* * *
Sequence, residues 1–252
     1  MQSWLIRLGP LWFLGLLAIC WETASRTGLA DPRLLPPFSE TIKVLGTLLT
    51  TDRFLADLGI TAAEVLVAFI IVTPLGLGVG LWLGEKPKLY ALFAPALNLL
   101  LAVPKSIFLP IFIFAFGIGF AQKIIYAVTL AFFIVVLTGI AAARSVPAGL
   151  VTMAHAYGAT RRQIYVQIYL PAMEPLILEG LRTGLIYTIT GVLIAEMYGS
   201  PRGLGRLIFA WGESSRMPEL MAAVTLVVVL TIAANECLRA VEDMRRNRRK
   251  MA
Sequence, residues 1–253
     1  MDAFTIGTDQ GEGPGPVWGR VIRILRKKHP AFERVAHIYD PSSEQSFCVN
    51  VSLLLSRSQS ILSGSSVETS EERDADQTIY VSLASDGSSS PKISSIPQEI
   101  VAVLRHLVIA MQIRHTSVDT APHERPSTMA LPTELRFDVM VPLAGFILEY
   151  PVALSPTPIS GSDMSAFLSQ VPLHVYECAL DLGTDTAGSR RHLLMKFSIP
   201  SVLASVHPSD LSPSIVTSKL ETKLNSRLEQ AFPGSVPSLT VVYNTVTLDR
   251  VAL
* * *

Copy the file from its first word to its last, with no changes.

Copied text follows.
Sequence, residues 1–252
     1  MQSWLIRLGP LWFLGLLAIC WETASRTGLA DPRLLPPFSE TIKVLGTLLT
    51  TDRFLADLGI TAAEVLVAFI IVTPLGLGVG LWLGEKPKLY ALFAPALNLL
   101  LAVPKSIFLP IFIFAFGIGF AQKIIYAVTL AFFIVVLTGI AAARSVPAGL
   151  VTMAHAYGAT RRQIYVQIYL PAMEPLILEG LRTGLIYTIT GVLIAEMYGS
   201  PRGLGRLIFA WGESSRMPEL MAAVTLVVVL TIAANECLRA VEDMRRNRRK
   251  MA
Sequence, residues 1–253
     1  MDAFTIGTDQ GEGPGPVWGR VIRILRKKHP AFERVAHIYD PSSEQSFCVN
    51  VSLLLSRSQS ILSGSSVETS EERDADQTIY VSLASDGSSS PKISSIPQEI
   101  VAVLRHLVIA MQIRHTSVDT APHERPSTMA LPTELRFDVM VPLAGFILEY
   151  PVALSPTPIS GSDMSAFLSQ VPLHVYECAL DLGTDTAGSR RHLLMKFSIP
   201  SVLASVHPSD LSPSIVTSKL ETKLNSRLEQ AFPGSVPSLT VVYNTVTLDR
   251  VAL